|Alaska Supreme Court Opinions made Available byTouch N' Go Systems and Bright Solutions|
®, the DeskTop In-and-Out Board makes your office run smoother.
You can search the entire site. or go to the recent opinions, or the chronological or subject indices. Laughlin v. Laughlin (4/30/2010) sp-6472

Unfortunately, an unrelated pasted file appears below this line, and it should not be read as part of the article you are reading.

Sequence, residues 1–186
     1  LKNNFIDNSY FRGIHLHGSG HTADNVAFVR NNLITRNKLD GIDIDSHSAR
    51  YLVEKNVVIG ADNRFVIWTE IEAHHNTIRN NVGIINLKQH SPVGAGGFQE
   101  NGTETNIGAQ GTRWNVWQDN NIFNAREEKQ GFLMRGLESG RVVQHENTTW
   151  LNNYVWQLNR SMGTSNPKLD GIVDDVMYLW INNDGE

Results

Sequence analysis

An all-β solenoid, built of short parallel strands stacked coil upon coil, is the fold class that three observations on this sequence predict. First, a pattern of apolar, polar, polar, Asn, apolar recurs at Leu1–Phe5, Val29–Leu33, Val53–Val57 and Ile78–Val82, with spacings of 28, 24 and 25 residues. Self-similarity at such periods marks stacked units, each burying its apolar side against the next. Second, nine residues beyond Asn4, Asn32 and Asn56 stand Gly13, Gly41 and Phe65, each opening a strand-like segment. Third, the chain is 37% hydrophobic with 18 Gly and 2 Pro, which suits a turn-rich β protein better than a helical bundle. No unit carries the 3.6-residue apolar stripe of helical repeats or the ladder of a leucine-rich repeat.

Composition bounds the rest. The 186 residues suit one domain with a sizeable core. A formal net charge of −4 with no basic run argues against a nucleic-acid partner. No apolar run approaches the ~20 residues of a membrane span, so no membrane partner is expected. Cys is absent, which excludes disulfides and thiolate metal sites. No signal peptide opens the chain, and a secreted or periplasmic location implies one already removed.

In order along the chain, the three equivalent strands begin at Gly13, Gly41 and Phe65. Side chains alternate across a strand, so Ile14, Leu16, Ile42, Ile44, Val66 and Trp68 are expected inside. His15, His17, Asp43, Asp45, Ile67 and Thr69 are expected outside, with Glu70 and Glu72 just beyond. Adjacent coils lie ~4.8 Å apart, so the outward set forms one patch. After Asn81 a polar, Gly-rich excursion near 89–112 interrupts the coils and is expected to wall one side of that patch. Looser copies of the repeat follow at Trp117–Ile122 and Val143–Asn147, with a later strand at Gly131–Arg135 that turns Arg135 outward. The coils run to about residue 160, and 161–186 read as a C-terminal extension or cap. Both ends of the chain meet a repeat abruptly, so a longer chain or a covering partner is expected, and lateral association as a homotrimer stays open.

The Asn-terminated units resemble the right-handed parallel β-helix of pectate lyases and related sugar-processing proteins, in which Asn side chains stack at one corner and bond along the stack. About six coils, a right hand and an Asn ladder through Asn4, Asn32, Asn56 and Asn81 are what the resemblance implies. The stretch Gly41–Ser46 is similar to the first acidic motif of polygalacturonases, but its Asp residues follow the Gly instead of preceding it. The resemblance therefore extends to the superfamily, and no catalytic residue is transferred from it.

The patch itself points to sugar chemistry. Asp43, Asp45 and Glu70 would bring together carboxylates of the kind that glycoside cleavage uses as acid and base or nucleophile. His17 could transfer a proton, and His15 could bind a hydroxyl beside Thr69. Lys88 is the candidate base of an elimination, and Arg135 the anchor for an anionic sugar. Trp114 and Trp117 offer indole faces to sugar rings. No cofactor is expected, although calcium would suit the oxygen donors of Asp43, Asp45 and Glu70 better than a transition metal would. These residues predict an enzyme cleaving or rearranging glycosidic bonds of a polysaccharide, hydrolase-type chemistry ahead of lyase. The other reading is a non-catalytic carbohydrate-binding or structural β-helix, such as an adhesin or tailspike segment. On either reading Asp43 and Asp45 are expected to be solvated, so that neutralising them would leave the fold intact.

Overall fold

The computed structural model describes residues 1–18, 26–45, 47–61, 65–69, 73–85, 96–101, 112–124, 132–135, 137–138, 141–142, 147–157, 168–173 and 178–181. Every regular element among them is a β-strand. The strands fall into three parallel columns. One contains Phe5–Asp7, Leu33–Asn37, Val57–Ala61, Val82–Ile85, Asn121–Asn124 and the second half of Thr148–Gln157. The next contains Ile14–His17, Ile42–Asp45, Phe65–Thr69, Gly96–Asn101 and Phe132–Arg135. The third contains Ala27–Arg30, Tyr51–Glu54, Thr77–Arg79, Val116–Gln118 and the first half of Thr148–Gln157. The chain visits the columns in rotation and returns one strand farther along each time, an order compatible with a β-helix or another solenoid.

Notice: This opinion is subject to correction before publication in the Pacific Reporter. Readers are requested to bring errors to the attention of the Clerk of the Appellate Courts, 303 K Street, Anchorage, Alaska 99501, phone (907) 264-0608, fax (907) 264-0878, e-mail firstname.lastname@example.org. THE SUPREME COURT OF THE STATE OF ALASKA
|) Supreme Court No. S- 13313|
|) Superior Court No. 3PA-05- 01818 CI|
|) O P I N I O N|
|) No. 6472 - April 30, 2010|